Thank you for reading. Hope you enjoyed this travel post. Have a great weekend and do not forget to follow me. You can also follow me on Twitter, Instagram and Pinterest.

Cornwall is a jaw-dropping beautiful peninsula defined by its spectacular coastline tapering out into the Atlantic Ocean. With its picture postcard harbours, expansive sandy beaches, stunning cliffs and a rich cultural heritage, Cornwall has been a favourite holiday destination for generations. Here, I bring my favourite bits of Cornwall. Cornwall is HUGE and it is impossible to pack in everything in one short holiday. However, that only gives you an excuse to go back.

Polperro:

Cornwall attractions

Situated in the south of Looe is the picture perfect fishing village of Polperro. With narrow cobbled streets lined with pretty granite cottages and colourful homes, Polperro is a great little place if you fancy a nice little walk. Polperro was once notorious for smuggling and you can trace this history at the Polperro Heritage Museum of Smuggling and Fishing. Unwind yourself by the delightful harbour or have some tea in the cute tea rooms, Polperro’s charm will stay with you for a long, long time.

The Eden Project:

Cornwall attractions

Cornwall attractions

Cornwall attractions

Not your run-off-the-mill park, the Eden project which was opened in 2001 is the worlds’s largest greenhouse. Characterised by its two huge “biomes” they give you a taste of the flora and fauna of tropical and Mediterranean regions. The “biomes” are actually are a series of interconnected domes.

Perhaps not everyone’s cup of tea (and many find it overpriced), I still would argue for it because to replicate the hot tropical climate (with a Malaysian hut and African totem sculpture made from recycled timber) is definitely a mammoth task. While you are here don’t forget the scrumptious ice-creams from their coffee house. My favourite?Cacao with coconut flavour. As mentioned Eden is expensive with £25 per adult but you can save up to 20 % if you book in advance online.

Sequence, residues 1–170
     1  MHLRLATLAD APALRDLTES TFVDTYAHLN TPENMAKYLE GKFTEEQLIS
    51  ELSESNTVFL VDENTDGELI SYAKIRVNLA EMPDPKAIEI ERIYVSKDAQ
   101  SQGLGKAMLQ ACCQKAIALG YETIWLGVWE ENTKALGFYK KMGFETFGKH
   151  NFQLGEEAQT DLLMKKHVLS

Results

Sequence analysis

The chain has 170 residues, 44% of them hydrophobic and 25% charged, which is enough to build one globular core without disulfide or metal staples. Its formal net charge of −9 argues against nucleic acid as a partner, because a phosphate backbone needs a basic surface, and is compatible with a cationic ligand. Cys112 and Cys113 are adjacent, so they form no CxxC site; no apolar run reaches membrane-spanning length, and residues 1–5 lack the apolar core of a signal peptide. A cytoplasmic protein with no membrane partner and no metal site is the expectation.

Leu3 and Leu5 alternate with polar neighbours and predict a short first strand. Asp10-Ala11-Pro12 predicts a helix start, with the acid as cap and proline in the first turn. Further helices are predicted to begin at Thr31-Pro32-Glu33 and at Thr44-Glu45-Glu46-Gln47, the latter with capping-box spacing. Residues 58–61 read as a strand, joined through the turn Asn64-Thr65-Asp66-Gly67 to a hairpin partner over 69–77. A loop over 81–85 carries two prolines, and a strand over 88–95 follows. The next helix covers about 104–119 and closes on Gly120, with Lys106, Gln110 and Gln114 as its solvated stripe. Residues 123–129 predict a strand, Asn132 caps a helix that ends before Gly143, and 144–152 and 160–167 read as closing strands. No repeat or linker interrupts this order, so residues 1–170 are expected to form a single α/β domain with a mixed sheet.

Land’s End:

Cornwall attractions

Cornwall attractions

As the name suggests it is end of the land, intriguing enough for me. It gives you stunning coastal views of the Atlantic Ocean. The undulating landscape dotted with cliffs makes it a great spot for some easy trekking (easy for me). Don’t forget to enjoy a tasty meal at the Land’s End Restaurant after you have thoroughly explored this place.

Minack theatre:

Image from: Wikimedia Commons by Tim Lewy

Image from: Wikimedia Commons by Tim Lewy

Minack theatre is a truly out of this world place that will simply blow your senses. An open-air theatre, carved into a granite diff and set amidst glorious gardens; Minack theatre has to be seen to be believed. Overlooking the spectacular Porthcurno Bay, Minack theatre is exotic and magical. The summer theatre season runs from May to September presenting drama, musicals and opera in this dramatic setting.

Carnewas and Bedruthan Steps:

Cornwall attractions

cornwall attractions

This is a stretch of coastline located on the north Cornish coast between Padstow and Newquay. Another great spot for trekking, characterised by steep steps and dramatic views of this rocky beach. Bedruthan steps gets it’s name from the huge slate outcrops scattered along the beach and not the inordinate number of steps you need to go down to get to the beach. It is said that the outcrops were put there by Bedruthan, a giant, and used as stepping stones. The Carnewas cliffs has several nooks and crannies giving various different views of the Bedruthan Steps.